First the conclusion of this Blog. Simply put: Avoid the Counter Offer. Best practices for resignation are very simple. 1) make the decision to find a new job, and stick with it. 2) keep communications limited to what it takes to move your career forward. 3) Don’t hesitate or waffle on your decision. And, 4) Whatever you do, don’t turn down your new job offer to take a counter offer from your employer.
If you understand this – you don’t have to read the whole blog. If you want to know why, the reasons follow.
The steps people go through in changing jobs vary. But some basic decisions are part of the process. Most of these are between YOU and YOU. You get to this place for a number of dynamic reasons. That is normal.
Knowing the roadmap from where you are, to where you are trying to get in the next phase of your career is helpful. Visualizing what you will go through will guide you and help keep you from getting lost along the way.
You’ve made several decisions that have got you to this point in time.
- You determined you were ready to leave your current company (the reason is less important than the decision).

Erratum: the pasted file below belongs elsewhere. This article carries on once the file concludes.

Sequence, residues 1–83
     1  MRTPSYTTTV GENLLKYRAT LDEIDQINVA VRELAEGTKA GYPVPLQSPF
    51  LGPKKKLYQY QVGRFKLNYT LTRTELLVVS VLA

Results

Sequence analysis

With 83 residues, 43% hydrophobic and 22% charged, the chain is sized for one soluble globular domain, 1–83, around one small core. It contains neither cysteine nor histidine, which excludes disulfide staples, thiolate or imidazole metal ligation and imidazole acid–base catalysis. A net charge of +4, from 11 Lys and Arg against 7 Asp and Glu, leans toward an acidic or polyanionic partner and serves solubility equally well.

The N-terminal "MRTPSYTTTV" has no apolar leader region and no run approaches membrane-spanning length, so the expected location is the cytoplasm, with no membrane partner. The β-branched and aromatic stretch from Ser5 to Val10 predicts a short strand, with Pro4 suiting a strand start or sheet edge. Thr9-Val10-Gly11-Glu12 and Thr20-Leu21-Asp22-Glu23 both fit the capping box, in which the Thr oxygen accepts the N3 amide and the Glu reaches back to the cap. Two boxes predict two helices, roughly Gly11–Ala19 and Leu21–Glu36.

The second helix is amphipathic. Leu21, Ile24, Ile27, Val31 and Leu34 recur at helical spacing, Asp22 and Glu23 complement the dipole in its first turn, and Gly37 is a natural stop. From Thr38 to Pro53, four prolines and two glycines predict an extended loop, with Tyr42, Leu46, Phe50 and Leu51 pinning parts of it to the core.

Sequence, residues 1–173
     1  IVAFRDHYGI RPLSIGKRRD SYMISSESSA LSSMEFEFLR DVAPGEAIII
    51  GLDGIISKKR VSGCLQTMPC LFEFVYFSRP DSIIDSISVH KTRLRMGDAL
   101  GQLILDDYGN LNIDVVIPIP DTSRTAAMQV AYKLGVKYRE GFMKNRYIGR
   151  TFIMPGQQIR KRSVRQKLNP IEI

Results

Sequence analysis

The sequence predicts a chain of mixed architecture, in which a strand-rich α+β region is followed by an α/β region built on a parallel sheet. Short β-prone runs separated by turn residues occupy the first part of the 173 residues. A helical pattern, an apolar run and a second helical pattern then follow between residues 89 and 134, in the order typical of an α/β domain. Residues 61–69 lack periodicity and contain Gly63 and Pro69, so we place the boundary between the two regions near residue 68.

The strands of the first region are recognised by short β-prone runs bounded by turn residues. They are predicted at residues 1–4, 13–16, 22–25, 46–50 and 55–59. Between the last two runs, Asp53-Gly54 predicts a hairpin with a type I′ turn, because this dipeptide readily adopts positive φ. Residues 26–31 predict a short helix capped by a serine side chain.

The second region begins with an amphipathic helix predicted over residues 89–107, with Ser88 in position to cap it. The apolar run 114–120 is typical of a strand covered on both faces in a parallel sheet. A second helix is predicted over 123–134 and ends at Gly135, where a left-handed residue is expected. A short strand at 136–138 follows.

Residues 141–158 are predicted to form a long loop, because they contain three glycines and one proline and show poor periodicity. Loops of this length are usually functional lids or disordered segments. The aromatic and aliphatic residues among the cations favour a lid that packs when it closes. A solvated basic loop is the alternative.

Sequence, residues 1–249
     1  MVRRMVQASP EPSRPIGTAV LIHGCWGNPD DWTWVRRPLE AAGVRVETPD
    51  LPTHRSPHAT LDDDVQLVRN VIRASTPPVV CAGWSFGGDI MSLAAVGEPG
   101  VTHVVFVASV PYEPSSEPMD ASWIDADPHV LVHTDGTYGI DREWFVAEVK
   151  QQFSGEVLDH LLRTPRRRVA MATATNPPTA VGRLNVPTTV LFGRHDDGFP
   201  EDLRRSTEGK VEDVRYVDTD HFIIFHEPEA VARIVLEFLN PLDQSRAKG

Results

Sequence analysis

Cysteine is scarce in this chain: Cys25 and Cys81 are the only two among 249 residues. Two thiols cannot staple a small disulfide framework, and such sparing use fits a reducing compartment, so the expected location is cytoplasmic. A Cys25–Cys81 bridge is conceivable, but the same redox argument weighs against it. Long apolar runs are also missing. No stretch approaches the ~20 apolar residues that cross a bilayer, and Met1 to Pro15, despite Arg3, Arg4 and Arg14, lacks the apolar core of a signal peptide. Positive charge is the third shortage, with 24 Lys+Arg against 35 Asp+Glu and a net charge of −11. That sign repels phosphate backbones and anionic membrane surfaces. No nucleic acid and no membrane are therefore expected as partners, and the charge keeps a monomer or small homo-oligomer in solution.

- You engaged in a job search.
- You found a good opportunity or several opportunities.
- You recognize a new job will take advantage of skills you were not using in the job you are leaving.
- You like the career growth possible with the new position
- You interviewed with the new company(ies) to know where you are going.
- The new company meets your criteria for the next place you want to go work (leadership, culture, work-environment, etc.)
- You receive a good job offer in your hand with a good salary, benefits and terms which you require in order to make a move.
- You have accepted the job offer.
And then comes the stressful step of quitting your job.
Quitting Your Job
You need to turn in your resignation letting your current employer know you are leaving. Of course, you want to do this respectfully. You want to give your employer ample time to find your replacement. And you want to do your best not to burn any bridges.
Your current supervisor/manager is surprised to get the news that you are leaving. They ask you why you are leaving? You explain that you found a new opportunity and it will leverage your skills and offer you growth that you didn’t have in your current role. They now act shocked and disappointed that you didn’t say anything to them earlier that you needed more.
Don’t fall into the trap of sharing the details of your new job offer with your manager. Keep those details to yourself.
Your manager asks what compensation and benefits your new offer will provide. This is a red flag you should recognize. It indicates what the manager is interested in (your career? or the job you will leave him to fill). At this point, don’t fall into the trap to share details about your new offer. Focus on the simple fact that you have made your decision, and the new job fits your career growth plan
At this point, the conversation will likely go one of two ways. Path one is to support your career decision. Path two will be to try to convince you to sacrifice your career decision with a counter offer.
Response of Support